“We can become the ‘Minga’ in the United States, and help our sisters overseas,” Crystal Orr, a recent graduate, states in the film. To this end the girls are distributing the DVD and brochure along with a letter inviting support, hoping the message will educate other students in nearby schools and across the nation. “We wish to make others in our local communities more aware of this problem,” Orr comments. “We also want to make a positive change by asking others to support our initiative to change lives in a significant way, so that young girls do not fall prey to the lies,” Orr continues. The students have set a goal of raising $8500 to build a school for girls at risk in a targeted developing country either in Africa, Asia or Latin America. They have already raised 60% of their goal. “We need 80 people to give $100 each…that is the cost of a cup of coffee a day for about two months. It is not beyond our reach,” Orr adds. “We would like to get the support of local businesses and organizations in order to make a difference,” she suggests.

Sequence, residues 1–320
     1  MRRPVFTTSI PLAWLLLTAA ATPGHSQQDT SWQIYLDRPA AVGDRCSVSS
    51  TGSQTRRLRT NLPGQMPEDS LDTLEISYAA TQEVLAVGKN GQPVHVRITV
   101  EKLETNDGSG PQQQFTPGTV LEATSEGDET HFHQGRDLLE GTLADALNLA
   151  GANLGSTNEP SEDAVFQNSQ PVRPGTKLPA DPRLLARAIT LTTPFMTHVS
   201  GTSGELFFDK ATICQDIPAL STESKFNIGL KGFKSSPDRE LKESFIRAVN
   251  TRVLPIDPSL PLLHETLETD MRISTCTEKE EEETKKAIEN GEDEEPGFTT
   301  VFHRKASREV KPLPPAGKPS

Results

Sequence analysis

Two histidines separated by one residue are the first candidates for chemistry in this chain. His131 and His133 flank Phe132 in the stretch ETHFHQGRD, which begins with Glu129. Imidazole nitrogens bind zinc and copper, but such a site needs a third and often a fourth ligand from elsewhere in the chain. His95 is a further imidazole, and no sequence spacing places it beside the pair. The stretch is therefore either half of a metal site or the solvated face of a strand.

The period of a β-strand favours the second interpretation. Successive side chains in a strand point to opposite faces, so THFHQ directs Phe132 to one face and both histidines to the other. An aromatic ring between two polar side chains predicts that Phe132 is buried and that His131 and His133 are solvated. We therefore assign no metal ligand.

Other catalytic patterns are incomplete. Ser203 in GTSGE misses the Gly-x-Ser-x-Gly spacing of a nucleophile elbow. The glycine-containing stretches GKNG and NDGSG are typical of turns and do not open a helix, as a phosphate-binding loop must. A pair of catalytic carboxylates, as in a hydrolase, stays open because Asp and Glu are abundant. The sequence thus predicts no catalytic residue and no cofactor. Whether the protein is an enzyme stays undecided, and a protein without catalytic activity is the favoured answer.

Junior Amei Igetei of Hillside is originally from Nigeria. She explains in the film how families and young children in her country are lured into trafficking. The traffickers “come from the cities to the villages to take teenage girls back to the cities,” she states. “They actually tell the parents they’ll give the girls a good life and education. The parents let the children go because they do not have enough food or clothes, and every parent wants the best for their child. When they get to the cities, it is a different scene entirely. They are put in big mansions and trapped there, into prostitution with older men. Some girls try to run back home but cannot because they don’t know their way around town and have no money or cell phones. They have no option but to stay and do whatever they have to do,” Igetei explains. Human trafficking occurs in many other countries, including Cambodia, China, France, Italy, Japan, Russia, Spain, South America, the United Kingdom and the United States.